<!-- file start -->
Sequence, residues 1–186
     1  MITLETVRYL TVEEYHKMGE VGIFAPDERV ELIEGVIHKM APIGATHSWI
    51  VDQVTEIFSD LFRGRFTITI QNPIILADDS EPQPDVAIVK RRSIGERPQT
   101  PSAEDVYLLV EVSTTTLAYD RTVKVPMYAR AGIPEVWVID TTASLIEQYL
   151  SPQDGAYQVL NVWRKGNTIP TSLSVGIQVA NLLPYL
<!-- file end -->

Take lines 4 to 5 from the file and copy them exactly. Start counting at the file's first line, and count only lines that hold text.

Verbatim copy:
   101  PSAEDVYLLV EVSTTTLAYD RTVKVPMYAR AGIPEVWVID TTASLIEQYL
   151  SPQDGAYQVL NVWRKGNTIP TSLSVGIQVA NLLPYL